How to get an executor to do their job?

UPDATED: Aug 31, 2012

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How to get an executor to do their job?

After a relative died, her house was to be divided between 5 adult grandchildren with the executor paying out the shares. That was 3 years ago and no one can get the executor to move on this. In the meantime, 1 of the 5 grandchildren recently filed for bankruptcy. What will happen to his 1/5? And on a different subject but still related, how should another grandmother rewrite her will to accommodate for this grandson’s bankruptcy filing as he is to receive 1/4 of this grandmother’s estate?

Asked on August 31, 2012 under Estate Planning, Arizona


Catherine Blackburn / Blackburn Law Firm

Answered 10 years ago | Contributor

As to your first question, Florida Probate law allows the beneficiaries of the Estate to petition the Probate Court to replace the personal representative.  I would expect every state to have a similar provision.  The grandchildren should get together, select one or two representatives, and consult a Probate lawyer.  Three years is too long.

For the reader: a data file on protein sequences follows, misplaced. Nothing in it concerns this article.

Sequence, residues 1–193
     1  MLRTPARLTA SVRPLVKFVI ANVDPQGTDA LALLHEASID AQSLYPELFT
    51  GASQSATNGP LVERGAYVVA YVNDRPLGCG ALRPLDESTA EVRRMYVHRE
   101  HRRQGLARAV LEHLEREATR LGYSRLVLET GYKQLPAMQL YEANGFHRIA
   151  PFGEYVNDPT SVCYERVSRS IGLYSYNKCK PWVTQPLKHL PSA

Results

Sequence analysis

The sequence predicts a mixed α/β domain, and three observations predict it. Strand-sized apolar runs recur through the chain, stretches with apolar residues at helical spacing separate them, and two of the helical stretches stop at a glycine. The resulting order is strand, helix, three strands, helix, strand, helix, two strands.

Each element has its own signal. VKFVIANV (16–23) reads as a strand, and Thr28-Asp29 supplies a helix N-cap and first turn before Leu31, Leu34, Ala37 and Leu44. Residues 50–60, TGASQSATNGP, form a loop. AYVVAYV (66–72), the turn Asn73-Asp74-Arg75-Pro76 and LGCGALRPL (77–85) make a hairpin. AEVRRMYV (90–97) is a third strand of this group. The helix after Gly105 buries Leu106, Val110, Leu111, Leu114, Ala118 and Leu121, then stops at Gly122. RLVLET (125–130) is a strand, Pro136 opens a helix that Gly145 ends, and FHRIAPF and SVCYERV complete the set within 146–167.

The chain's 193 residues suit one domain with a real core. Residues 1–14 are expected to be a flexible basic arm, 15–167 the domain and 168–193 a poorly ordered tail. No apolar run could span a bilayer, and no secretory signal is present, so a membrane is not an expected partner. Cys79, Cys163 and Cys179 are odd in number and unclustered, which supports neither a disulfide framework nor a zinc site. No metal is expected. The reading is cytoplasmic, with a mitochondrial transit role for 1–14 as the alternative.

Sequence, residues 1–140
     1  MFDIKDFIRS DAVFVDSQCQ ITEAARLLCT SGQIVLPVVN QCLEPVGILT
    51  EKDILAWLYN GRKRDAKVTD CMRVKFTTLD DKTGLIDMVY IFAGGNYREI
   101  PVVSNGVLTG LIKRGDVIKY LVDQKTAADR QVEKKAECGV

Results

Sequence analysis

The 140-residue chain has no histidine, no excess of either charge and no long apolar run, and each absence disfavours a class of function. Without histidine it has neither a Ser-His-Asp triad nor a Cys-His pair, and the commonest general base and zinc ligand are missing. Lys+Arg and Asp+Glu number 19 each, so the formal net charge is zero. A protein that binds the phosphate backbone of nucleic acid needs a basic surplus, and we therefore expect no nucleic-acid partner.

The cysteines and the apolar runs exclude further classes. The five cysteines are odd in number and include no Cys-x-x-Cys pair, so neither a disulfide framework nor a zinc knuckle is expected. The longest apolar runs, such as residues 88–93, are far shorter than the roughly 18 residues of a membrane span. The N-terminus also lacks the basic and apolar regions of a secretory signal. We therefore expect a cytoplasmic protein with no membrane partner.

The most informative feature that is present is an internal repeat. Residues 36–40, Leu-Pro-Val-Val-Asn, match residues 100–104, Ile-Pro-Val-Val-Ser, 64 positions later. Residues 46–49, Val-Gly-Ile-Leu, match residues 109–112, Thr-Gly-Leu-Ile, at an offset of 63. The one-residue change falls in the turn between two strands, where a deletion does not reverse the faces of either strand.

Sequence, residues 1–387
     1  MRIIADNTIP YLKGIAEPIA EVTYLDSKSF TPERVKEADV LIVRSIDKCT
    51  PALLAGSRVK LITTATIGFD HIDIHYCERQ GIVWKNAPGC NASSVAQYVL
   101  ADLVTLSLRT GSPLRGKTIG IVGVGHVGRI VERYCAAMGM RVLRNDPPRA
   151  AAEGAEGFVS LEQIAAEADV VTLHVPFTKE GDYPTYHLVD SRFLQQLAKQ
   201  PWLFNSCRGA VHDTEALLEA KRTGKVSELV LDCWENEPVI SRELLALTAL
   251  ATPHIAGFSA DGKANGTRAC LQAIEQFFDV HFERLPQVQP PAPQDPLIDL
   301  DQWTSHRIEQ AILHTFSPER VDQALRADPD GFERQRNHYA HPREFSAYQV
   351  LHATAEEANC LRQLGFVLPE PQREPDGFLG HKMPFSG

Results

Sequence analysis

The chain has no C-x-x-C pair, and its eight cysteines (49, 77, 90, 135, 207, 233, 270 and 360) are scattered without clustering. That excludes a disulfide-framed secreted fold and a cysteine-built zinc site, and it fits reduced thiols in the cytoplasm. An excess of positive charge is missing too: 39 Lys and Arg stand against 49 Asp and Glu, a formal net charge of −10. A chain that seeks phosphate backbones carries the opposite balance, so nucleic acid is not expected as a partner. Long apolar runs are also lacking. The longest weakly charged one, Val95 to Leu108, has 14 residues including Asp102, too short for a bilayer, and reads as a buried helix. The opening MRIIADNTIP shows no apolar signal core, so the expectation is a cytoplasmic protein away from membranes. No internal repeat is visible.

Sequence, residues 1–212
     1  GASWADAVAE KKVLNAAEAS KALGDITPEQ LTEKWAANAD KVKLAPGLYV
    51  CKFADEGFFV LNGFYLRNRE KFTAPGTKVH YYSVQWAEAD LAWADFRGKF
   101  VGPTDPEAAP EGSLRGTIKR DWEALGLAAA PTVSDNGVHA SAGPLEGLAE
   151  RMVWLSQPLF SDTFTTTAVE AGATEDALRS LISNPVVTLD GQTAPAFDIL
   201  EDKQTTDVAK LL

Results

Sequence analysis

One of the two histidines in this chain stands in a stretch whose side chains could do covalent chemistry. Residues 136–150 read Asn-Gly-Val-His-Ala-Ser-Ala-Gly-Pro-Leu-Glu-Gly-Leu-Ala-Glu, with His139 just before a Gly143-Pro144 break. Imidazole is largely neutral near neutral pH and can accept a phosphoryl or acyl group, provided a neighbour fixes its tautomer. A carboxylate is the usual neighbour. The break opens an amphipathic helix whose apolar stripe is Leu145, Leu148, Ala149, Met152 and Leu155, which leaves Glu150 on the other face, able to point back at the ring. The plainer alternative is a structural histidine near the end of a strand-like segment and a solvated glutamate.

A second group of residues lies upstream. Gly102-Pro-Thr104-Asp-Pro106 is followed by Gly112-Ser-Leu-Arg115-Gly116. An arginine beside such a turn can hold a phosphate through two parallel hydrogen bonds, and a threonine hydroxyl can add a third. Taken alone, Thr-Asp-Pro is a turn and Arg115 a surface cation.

I am not a bankruptcy lawyer, so I can't help much with the bankruptcy issue.  This grandchild should inform his or her bankruptcy lawyer about the inheritance as there are grave consequences for failing to report assets.  The bankruptcy lawyer should be able to explain what will happen to that portion of the inheritance.

The other grandmother may not need to rewrite her will.  If the bankruptcy is completed before this grandmother passes away, there should be no effect.  If she is concerned about the matter, she should contact her Estate lawyer and discuss her options for rewriting her will.

IMPORTANT NOTICE: The Answer(s) provided above are for general information only. The attorney providing the answer was not serving as the attorney for the person submitting the question or in any attorney-client relationship with such person. Laws may vary from state to state, and sometimes change. Tiny variations in the facts, or a fact not set forth in a question, often can change a legal outcome or an attorney's conclusion. Although has verified the attorney was admitted to practice law in at least one jurisdiction, he or she may not be authorized to practice law in the jurisdiction referred to in the question, nor is he or she necessarily experienced in the area of the law involved. Unlike the information in the Answer(s) above, upon which you should NOT rely, for personal advice you can rely upon we suggest you retain an attorney to represent you.

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